But Charlie Morton overcame some early control woes, and looked a lot like a guy trying to become the top-of-the order pitcher in the Pittsburgh rotation. He went seven innings of three-hit, no-run ball, striking out six and walking a pair, none after the second inning. He only threw 90 pitches, but was lifted for a pinch-hitter.
John Grabow and Matt Capps were equal to the task, although Capps had to work out of a second-and-third, one-out jam to notch his 20th save in a 2-0 Buc win. Morton evened his record at 2-2 and saw his ERA drop to 3.12.
-- The most interested guy in the trading deadline for Pittsburgh has to be Lastings Milledge. He's killing the ball at Indy (Milledge is on a 15-for-21 tear), but like Andrew McCutchen, won't get the call to Pittsburgh unless a full-time spot opens up. His chance is if Adam LaRoche is moved and Garrett Jones takes over at first base, leaving left field for Milledge.
-- Sometimes all it takes is a little change of scenery. RHP Jeff Karstens pitched two perfect relief innings last night and is 1-1 with a 2.45 ERA in 13 games since being sent to the bullpen. He was 2-3 with a 5.30 ERA in 10 starts to begin the season. Karstens' line now is 3-4, with a 4.50 ERA.
If Virgil Vasquez doesn't shape up, Karstens could be back in the rotation shortly.
-- Speaking of pitching... Bucco starters are 27-35 with a 4.47 ERA, a .275 opponent batting average, and 5.1 K's and 3.1 walks per 9 innings. Most encouraging is the innings worked; the staff goes 5.9 innings per outing, just a tick better than the NL average of 5.85 innings. And it shows in the bullpen stats.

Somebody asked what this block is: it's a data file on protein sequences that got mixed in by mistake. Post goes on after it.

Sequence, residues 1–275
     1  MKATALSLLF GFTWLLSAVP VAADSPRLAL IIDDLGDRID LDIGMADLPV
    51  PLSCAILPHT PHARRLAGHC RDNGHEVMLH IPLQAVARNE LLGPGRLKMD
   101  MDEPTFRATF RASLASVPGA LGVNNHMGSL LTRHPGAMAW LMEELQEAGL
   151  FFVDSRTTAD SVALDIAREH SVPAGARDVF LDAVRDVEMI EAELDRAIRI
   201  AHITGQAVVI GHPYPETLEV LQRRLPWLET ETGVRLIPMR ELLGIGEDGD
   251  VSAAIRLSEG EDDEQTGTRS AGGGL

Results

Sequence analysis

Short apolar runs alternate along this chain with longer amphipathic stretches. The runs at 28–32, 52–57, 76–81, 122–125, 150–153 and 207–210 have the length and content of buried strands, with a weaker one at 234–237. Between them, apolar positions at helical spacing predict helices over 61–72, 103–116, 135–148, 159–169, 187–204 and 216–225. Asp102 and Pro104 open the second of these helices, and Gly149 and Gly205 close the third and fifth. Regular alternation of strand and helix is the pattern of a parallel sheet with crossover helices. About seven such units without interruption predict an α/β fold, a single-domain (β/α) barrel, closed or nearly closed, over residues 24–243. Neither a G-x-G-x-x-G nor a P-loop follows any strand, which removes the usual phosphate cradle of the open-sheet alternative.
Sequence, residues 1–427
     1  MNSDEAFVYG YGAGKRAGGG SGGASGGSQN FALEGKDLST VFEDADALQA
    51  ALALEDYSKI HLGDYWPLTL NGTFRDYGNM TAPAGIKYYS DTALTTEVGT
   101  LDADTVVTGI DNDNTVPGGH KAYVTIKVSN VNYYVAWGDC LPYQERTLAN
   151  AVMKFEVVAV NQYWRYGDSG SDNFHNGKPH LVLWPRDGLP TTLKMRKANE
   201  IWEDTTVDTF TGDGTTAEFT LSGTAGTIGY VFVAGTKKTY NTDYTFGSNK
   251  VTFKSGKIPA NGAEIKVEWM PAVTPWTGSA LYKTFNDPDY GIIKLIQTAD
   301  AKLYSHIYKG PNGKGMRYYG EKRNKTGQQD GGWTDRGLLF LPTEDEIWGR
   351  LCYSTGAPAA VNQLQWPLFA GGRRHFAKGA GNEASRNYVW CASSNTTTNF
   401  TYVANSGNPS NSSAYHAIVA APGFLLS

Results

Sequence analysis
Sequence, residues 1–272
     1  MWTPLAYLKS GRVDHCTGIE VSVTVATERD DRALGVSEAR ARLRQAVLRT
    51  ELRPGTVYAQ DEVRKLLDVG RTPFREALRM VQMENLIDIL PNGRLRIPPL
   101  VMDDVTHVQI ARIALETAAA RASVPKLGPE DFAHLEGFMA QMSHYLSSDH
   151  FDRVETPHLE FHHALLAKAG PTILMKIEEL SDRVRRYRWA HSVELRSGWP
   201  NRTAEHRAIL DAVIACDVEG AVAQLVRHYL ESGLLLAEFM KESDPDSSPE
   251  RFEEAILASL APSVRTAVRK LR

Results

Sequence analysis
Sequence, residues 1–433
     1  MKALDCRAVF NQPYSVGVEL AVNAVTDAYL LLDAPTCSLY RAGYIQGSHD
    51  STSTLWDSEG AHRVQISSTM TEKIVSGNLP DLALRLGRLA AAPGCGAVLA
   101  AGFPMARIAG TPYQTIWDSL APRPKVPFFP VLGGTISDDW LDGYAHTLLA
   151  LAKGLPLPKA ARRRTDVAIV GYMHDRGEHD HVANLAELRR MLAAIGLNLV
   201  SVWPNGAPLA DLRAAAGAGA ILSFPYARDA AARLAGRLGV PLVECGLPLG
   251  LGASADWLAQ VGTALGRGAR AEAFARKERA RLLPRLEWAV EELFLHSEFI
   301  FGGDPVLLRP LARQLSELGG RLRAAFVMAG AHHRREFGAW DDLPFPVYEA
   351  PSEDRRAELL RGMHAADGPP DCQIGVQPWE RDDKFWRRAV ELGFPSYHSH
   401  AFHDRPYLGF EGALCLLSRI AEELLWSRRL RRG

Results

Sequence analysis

The bullpen is 12-15-20 with a 3.79 ERA, .239 opponent batting average, 6.4 strikeouts and 4.9 walks per nine innings. If only the relievers could cut their walks...the average pen gives up 4.1 passes per nine.
Overall, they're pretty close to NL average, quite an accomplishment for Joe Kerrigan and his charges. The only glaring lack is the ability to miss bats - the Pirates are last in the NL in strikeouts, even behind the sad sack Nats in that category. The league benchmark is 620; the Pirates have rung up 482.
The NL batting average for balls in play is .295, and that represents 41 hits more the Pirates have allowed just because they can't put hitters away.
-- Four is the magic number for the Pirates. When they score four runs or less, they're 10-33; when the pitching allows 4 runs or less, they're 32-26. When they score five runs or more, they're 29-16; when they give up five or more, they're 7-24.
The Bucs' record is 39-50. The Pythagorean record, or what the runs scored/runs allowed predict it should be, is 43-46. That's a huge difference. Pittsburgh is 10-20 when they give up 4 or 5 runs, and that's where the feast or famine offense is killing their record.
It puts too much pressure on the pitchers. They've given up five runs or under 61 times, or 72% of the games. The arms have kept them in games, but inconsistent run production has been the season-long bug-a-boo.
-- DK reports that
"Chase D'Arnaud, a shortstop prospect with Class A Lynchburg, will miss several weeks to a sprained thumb ligament, director of player development Kyle Stark said this afternoon.-- The prized prospect of this year's July 2nd international free agent class, SS Miguel Angel Sano, passed his Major League Baseball age and identity investigation, a source in the Dominican Republic told SI.com. So that saga should come to an end shortly, one way or another. (EDIT - other reports say SI is premature, and we'll have to wait until next week for the decision. Sheesh!)
D'Arnaud, 22, was the Pirates' fourth-round draft pick last summer. He batted .291 through 62 games for low Class A West Virginia, then .279 through 19 games after being promoted to Lynchburg."